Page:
AP

(AP)

Replacing the Income Tax With a National Sales Tax

It’s a compelling idea, replacing the federal income tax with a national sales tax. The strongest case here is that the IRS has become too intrusive, too invasive and threatening, and it is immoral for the government to know so much about our personal income.

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Moreover, the Obama Administration has pushed the IRS across the Rubicon, cementing its place as an enforcer of ad hoc policy that neurotically changes every day (more than one tax change a day, says the Taxpayer Advocate) instead of its historic role as a pure tax collector. Tax officials have warned as much, given the agency’s controversial history enforcing nonprofit law--a severe conflict of interest targeting conservative anti-tax nonprofits--and ever-changing health reform.

The taxpayer advocate, Nina Olson, has also cautioned that the U.S. “tax system should not be so complex as to create traps for the unwary,” that, though the 1986 tax reform law is a model, any subsequent attempts at simplification have fallen apart because “each tax break has a constituency, and constituencies that stand to lose benefits tend to organize quickly to protect their interests.” Meanwhile, costs of complying with individual and corporate income tax requirements amount to nearly $200 billion annually, Olson has said.

Another argument against the federal income tax is that taxing income decreases productivity and hurts job growth, as small business formation has been cut in half since 1978, while tax rates and complexity have steadily risen. Small businesses have been the driver of job growth in the U.S. Look to Venezuela, where President Nicolas Maduro is raising taxes by decree, where small businessmen tell me they face rates higher than 90%, and job growth has collapsed while inflation has soared, with food lines around the block. “We are giving up running our own businesses because why work when the government just takes what we do with extortionary rates?” says a local entrepreneur. Already, U.S. multinationals have pulled up stakes due to high U.S. taxes, whereas bringing that estimated $2 trillion offshore back home is the cheapest stimulus of all.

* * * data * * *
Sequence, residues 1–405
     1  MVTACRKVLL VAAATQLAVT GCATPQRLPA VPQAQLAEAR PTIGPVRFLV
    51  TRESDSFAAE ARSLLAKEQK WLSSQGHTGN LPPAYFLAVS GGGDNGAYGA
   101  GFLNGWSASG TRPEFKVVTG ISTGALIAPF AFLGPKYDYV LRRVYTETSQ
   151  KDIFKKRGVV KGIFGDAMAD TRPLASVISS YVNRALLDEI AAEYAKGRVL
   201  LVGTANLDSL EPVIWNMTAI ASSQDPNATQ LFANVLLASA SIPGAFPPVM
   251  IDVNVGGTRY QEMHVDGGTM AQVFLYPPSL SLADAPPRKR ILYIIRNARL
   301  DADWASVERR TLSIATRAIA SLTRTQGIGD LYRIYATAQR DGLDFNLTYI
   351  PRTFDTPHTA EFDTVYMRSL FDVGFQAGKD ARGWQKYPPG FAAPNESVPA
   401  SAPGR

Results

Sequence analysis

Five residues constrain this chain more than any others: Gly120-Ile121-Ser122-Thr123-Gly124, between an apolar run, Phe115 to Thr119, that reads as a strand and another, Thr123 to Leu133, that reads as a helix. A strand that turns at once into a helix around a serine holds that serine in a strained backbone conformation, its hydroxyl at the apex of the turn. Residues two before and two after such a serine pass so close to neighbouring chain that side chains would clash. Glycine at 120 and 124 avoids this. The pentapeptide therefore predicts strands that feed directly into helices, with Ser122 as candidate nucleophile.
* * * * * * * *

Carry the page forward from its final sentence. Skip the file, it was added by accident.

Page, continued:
One argument for a national sales tax says that both the tax code and the IRS would be slimmed down. The IRS could be scaled back to a federal excise tax agency, similar to its mission to collect trust fund excise taxes like the gasoline tax.

Taxing consumption could potentially decrease spending, but the argument here is less demand for consumer goods could lower prices and also consumer debt. In addition, if people put off spending money they may instead increase their savings, which is capital to invest that could create economic growth. Although, given microscopic savings rates thanks to the Federal Reserve’s low rate policies, pay to save looks less appealing, after inflation, than the stock market’s returns, which might see an extra boost under a national sales tax.

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One scenario has it that under a national sales tax individuals would not have to keep tax records or file income tax returns. Instead, businesses would see longer tax forms. More than 150 million Americans have to file a federal tax return, a state tax return, and even a local income tax return in dozens of cities or counties (see here: http://taxes.about.com/od/statetaxes/a/City-Income-Taxes.htm).